The gardens of Banksia House, a seemingly ancient home left to wrack and ruin, have been awarded the country’s best garden at the Australian Institute of Landscape Architects National Awards.
Forgoing formality, owner and landscape designer Kirsti Sheldon of 7B Landscape and Interiors used a native plant palette to blend her design with nature.
The property’s idyllic location – Kings Beach on the Sunshine Coast – inspired her and architect Dragi Majstorovic, who worked together on the project.
Imagining the house as an old ruin with crumbling walls on a verdant estate, Sheldon’s spontaneous, loose, and exuberant plantings crawl and creep through and around openings and spill over broken-down walls. “I wanted a lush, layered, native landscape that takes over the architecture,” she says.
The home, comprising four structures, takes up just 25 per cent of the 1500-square-metre site. One structure includes a main bedroom retreat with ocean views that sits above a garage.
Two others, containing bedrooms and en suites, are divided by an outdoor bath, and the fourth embraces living spaces.
On one side is an external paved kitchen courtyard with a fireplace and barbecue, on the other, a large north-facing deck overlooking a bocce court-yoga lawn and magnesium pool.
At the bottom of the garden is a fifth structure used as a guest room, office or teen hangout.
Raw and rugged materials like concrete, spotted gum and unglazed tiles express themselves organically, allowing them to melt into the landscape. In time, the coastal conditions will patina their appearance so they look like they have always been there.
The structure’s light footprint allows the extensive gardens, landscaping and natural scenery to shine.
At the front of the home, a concrete block wall provides privacy from the street and a backdrop for a stunning native garden that includes two majestic screwpines (Pandanus tectorius), red flowering gum (Corymbia ficifolia Summer Red), coastal boobialla (Myporum ellipticum) and cartoonish Cousin It (prostrate Casuarina glauca).
“The design is very layered and based on texture, size, form and green tones rather than colourful blooms,” the designer says.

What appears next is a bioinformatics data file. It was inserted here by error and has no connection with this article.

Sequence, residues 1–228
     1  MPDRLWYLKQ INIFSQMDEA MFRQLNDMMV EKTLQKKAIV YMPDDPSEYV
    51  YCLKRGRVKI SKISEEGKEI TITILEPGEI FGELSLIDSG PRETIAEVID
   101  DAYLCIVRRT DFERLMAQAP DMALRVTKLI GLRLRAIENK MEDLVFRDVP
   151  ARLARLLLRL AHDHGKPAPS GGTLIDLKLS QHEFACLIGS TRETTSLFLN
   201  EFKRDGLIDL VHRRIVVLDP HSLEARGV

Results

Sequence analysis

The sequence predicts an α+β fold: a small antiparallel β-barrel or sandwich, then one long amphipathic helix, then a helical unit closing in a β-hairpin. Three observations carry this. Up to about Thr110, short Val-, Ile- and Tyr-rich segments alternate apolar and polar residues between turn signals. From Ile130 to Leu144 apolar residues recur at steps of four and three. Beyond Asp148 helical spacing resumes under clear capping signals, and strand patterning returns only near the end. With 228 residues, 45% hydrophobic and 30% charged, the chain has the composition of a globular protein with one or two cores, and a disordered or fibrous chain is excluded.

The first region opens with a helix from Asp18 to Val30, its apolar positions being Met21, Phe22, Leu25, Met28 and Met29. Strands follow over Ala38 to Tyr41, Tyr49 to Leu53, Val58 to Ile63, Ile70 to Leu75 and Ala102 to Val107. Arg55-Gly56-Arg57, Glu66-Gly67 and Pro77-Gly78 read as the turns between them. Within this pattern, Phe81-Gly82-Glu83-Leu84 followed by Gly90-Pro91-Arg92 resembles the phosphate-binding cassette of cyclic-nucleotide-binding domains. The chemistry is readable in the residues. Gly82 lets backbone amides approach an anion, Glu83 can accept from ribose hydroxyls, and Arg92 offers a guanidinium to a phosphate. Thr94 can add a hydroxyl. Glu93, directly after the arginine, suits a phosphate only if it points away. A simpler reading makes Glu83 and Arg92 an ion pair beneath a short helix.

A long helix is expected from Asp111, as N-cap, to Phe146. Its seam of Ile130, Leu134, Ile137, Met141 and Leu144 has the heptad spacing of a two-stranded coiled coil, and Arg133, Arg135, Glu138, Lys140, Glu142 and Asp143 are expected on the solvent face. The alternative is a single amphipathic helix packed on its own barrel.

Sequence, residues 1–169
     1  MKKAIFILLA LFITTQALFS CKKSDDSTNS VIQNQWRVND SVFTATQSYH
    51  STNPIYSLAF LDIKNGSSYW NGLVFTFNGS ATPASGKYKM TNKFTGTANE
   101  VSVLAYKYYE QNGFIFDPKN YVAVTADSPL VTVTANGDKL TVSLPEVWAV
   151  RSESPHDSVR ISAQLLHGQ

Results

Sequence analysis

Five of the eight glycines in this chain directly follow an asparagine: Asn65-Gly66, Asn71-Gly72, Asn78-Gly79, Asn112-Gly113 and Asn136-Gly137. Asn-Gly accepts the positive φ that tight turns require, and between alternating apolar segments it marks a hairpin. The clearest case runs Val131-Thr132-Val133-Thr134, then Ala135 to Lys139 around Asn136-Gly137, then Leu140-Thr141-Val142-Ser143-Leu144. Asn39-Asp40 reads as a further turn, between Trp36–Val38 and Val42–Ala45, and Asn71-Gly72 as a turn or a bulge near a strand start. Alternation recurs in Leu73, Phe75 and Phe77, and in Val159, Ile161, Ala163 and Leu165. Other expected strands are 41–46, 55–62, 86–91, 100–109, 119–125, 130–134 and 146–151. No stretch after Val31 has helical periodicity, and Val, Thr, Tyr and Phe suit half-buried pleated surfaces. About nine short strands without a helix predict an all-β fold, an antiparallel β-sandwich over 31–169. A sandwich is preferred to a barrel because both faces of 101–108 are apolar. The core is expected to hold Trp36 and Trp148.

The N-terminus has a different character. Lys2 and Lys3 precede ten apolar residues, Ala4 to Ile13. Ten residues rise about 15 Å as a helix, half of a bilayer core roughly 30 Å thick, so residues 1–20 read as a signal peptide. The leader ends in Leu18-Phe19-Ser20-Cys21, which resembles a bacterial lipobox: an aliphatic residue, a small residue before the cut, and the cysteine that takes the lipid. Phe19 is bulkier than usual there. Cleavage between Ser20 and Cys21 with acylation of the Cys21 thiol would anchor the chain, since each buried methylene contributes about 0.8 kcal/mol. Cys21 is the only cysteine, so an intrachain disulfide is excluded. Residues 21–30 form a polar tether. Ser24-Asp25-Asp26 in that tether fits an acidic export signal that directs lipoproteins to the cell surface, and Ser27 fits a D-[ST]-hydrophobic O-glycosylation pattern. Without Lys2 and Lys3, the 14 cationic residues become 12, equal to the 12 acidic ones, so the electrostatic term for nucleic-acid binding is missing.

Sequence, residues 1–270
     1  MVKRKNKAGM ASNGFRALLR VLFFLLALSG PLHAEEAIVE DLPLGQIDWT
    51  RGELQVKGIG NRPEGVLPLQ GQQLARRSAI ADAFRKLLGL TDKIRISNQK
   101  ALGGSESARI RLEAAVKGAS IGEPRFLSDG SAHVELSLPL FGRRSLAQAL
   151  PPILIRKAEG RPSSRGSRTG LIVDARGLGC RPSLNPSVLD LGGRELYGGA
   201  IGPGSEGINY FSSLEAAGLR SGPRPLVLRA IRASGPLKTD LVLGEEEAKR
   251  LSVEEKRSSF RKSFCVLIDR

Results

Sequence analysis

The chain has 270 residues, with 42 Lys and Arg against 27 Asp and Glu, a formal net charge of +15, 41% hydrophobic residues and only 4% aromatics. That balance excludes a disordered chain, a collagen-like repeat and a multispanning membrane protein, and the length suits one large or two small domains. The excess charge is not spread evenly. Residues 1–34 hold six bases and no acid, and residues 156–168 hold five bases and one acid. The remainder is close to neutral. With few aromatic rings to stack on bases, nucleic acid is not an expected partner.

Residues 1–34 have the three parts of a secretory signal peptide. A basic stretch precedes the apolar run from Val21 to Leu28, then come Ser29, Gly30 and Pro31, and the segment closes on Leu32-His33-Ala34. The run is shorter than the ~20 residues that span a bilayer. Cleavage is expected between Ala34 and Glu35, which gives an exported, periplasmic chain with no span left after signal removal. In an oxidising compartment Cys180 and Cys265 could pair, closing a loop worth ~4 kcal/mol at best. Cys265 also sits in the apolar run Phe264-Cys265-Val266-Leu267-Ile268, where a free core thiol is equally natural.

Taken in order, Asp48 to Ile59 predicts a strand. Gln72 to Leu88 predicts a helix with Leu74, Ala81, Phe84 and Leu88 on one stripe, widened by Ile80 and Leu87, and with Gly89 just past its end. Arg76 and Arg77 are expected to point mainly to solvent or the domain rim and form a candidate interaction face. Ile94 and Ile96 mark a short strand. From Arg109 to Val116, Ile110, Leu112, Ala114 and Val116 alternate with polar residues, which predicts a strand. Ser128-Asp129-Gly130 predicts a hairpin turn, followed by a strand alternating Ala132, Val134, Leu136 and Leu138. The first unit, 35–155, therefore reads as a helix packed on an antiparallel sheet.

Mary River stones and poured concrete strips form the driveway that gradually dissipates as it merges with the walkway and garden. Lush kidney weed (Dichondra repens) crawls between the cracks, grounding it into nature.
Sheldon planted wild iris and African iris (Dieties grandiflora and D. bicolor) in the shadier internal courtyards and around the pool where free-standing structures resembling old broken-down chimneys crawl with climbing fig (Ficus pumila). Positioned to frame views, provide shade, and create intimacy and ambience, they also act as a balustrade.
A trench running between the pool and yoga lawn froths with grassy plants and negates the requirement for pool fencing, allowing a seamless connection between the pool and adjacent interior and exterior living spaces. An outdoor copper shower covered with climbing fig is hidden behind a spotted gum screen tucked beside the pool.
More climbing fig combined with star jasmine (Trachelospermum jasminoides) traces the tiled surrounds of the outdoor concrete bath for two. Sheldon drew the tiling design by hand, leaving some out to appear as if the garden had taken over and the tiles had simply fallen off.
“The exposed copper plumbing pipes and brass garden taps are a feature,” she says. “The plumbers bent the pipes to shape on site.”
An outdoor fire pit is surrounded by gabion walls (wire cages) filled with Mary River stones.
“It’s a softer look than a rendered wall, and the large openings allow plants to creep in and out of them,” she says. “We added timber to a corner portion to create somewhere to sit.”
The lower garden features only native species. Lemon myrtle (Backhousia citriodora), ivory curl tree (Buckinghamia celsissima) and water gum (Tristaniopsis laurina) star alongside medium-sized shrubs such as bottlebrush, Grevilleas, Banksias and coastal rosemary (Westringea fruticosa) providing privacy and a verdant backdrop for the pool.
Sheldon repeated the front garden groundcover palette of kidney weed, pigface (Carpobrotus glaucescens), coastal boobialla and Cousin It to tie the composition together.
“The property backs onto six blocks, so for privacy, we planted native trees and a row of lilly pillies (Syzygium austral Resilience) along the eastern boundary,” she adds. “They are planted close together for a coastal garden with a bush feel that’s undeniably Sunshine Coast in character.”
Article source: www.domain.com.au